Amid rising competition with Amazon, Shopify reports 45 percent increase in economic activity fuelled by its merchants

Report comes as Shopify pursues Deliverr, Amazon encroaches on Shopify’s territory.

According to Shopify’s 2021 Economic Impact Report, Shopify merchants supported five million jobs and drove more than $444 billion USD in global economic activity last year.

This rise in economic activity—a calculation that includes profit, labour income, and tax revenues—represents a 45 percent increase compared to 2020. It also serves as another example of the growth Shopify has seen during the pandemic.

As Shopify has grown, its competition with Amazon has begun to heat up.

The report, which was produced by Shopify in partnership with Deloitte, relies on a combination of Shopify data and third-party data collected by Deloitte Canada. It found that Shopify’s partner ecosystem has also seen 45 percent growth since 2020. In 2021, it supported 656,000 jobs and generated $32 billion in revenue.

Shopify’s increasing economic impact continues to make the Canadian e-commerce company a notable competitor to Amazon. It’s a rivalry that has been heating up as of late, as the report’s release comes while Shopify is reportedly pursuing a move that will help the Canadian company keep up with Amazon, and shortly after Amazon announced plans that will put the two retail giants into more direct competition.

Bloomberg has reported that Shopify is currently in talks to acquire San Francisco-based e-commerce logistics startup Deliverr to expand its own warehousing and delivery capabilities. If the deal goes through, it will allow Shopify to tap into Deliverr’s nationwide, United States (US) fulfillment network—enabling Shopify to better compete with Amazon south of the border.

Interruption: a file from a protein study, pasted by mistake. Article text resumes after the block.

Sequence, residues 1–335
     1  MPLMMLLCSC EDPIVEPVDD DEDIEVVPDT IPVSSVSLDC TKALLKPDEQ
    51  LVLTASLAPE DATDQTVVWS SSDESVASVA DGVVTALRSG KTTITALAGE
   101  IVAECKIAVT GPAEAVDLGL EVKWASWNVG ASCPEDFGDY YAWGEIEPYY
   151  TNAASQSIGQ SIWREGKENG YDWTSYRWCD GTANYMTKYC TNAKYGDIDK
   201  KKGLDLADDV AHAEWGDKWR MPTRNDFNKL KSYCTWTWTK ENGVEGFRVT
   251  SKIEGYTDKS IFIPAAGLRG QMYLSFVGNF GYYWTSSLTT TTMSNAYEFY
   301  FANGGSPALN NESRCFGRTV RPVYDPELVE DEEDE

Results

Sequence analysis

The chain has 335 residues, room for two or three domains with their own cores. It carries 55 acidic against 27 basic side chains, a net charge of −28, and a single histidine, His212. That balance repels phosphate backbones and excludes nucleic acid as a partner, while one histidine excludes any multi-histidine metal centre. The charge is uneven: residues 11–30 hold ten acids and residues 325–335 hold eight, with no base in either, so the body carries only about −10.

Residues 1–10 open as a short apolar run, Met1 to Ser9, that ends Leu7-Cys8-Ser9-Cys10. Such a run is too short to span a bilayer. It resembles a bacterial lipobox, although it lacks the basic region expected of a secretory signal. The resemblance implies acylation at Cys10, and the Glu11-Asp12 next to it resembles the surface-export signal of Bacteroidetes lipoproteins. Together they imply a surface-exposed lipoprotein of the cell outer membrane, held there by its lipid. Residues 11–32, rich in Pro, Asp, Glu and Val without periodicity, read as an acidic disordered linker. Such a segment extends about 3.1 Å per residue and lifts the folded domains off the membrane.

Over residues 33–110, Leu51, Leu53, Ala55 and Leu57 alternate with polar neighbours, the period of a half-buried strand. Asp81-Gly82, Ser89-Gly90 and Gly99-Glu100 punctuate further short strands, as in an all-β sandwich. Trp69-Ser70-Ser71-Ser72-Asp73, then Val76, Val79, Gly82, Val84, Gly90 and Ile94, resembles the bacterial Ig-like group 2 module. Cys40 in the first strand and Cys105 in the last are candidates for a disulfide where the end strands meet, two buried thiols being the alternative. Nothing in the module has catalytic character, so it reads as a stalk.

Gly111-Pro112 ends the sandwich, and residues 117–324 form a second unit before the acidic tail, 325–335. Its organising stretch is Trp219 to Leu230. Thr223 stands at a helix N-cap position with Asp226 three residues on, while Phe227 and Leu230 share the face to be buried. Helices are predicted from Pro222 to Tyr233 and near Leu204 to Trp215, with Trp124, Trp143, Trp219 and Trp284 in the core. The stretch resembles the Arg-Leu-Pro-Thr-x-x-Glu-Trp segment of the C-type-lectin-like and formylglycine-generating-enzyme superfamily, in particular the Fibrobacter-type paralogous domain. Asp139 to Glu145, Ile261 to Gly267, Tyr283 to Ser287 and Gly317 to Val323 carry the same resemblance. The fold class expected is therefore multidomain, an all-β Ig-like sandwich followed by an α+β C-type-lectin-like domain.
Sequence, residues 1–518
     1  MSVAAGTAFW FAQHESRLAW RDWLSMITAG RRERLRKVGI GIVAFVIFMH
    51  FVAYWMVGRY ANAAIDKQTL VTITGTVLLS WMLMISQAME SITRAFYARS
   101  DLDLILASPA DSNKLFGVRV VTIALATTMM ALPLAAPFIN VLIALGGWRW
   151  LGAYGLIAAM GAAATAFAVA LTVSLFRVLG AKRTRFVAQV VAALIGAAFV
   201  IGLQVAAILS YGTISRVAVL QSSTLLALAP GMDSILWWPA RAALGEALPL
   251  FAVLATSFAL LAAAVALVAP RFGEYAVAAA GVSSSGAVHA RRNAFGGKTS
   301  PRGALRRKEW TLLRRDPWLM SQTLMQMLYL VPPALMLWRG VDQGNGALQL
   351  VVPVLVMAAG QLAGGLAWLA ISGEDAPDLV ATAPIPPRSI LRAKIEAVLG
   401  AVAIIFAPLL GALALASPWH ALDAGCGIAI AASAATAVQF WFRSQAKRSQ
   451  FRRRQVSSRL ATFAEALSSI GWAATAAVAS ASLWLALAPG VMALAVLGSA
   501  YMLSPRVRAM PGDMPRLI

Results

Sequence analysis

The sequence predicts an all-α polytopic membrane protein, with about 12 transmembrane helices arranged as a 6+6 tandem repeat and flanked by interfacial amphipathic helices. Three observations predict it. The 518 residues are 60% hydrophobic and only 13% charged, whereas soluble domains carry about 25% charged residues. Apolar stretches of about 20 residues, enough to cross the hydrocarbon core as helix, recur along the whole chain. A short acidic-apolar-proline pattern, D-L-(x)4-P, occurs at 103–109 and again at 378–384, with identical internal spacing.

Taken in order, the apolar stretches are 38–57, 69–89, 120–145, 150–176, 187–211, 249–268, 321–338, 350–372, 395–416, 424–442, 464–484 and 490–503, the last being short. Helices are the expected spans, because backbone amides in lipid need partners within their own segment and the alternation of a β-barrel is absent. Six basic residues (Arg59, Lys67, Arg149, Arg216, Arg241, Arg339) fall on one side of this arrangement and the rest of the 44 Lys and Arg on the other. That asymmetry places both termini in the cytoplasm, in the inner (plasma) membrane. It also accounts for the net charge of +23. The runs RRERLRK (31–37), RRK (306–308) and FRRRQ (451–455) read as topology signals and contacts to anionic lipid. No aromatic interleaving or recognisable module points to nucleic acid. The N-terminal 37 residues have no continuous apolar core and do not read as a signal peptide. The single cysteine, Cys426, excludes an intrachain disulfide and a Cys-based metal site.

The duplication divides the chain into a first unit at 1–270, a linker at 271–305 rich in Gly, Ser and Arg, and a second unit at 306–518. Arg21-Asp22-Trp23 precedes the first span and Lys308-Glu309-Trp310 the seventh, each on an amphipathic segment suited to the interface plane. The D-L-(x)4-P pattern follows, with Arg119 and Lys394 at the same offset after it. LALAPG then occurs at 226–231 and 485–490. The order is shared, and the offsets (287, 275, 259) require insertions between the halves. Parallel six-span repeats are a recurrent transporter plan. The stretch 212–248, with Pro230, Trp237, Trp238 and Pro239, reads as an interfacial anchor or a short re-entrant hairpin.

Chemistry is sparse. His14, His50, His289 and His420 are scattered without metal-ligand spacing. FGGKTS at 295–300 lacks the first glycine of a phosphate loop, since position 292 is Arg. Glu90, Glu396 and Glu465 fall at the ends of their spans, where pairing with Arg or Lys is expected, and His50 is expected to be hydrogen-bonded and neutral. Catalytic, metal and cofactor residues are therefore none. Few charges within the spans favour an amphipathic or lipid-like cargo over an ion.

According to The Globe and Mail, Shopify’s Deliverr acquisition, worth about $2.5 billion USD, is expected to be finalized before Shopify’s upcoming May 5 first-quarter earnings call. The Globe reports that while a final decision on the transaction has not yet been made, the prospective deal represents part of “an ambitious strategic shift at Shopify to rival Amazon.”

These reports follow Amazon’s recent announcement of its new Buy with Prime feature, which will put the company into more direct competition with both Shopify and dedicated delivery services like FedEx and UPS. This feature will enable Amazon Prime members to shop directly on merchants’ websites using Amazon’s checkout, warehousing, and logistics infrastructure. According to Business Insider, the company intends to eventually roll out this capability to merchants not already selling on Amazon.

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According to Shopify’s latest Economic Impact Report, in terms of amount of economic activity, Shopify’s five largest markets for merchants are the US, Europe, the United Kingdom, Australia, and Canada, respectively. The US is Shopify’s largest market by far, according to this measure.

The report states that US Shopify merchants supported 981,000 jobs and $239.4 billion in economic activity. These numbers are shy of what Amazon reported in its 2021 Small Business Empowerment Report, which measures the impact of third-party sellers on Amazon’s platform, and represents the company’s closest comparison to Shopify’s report. Amazon reported that third-party sellers on its platform—a portion of Amazon’s overall business—created over 1.8 million US jobs between the end of August 2020 and August 2021, selling over 3.8 billion products, and averaging over $200,000 in sales.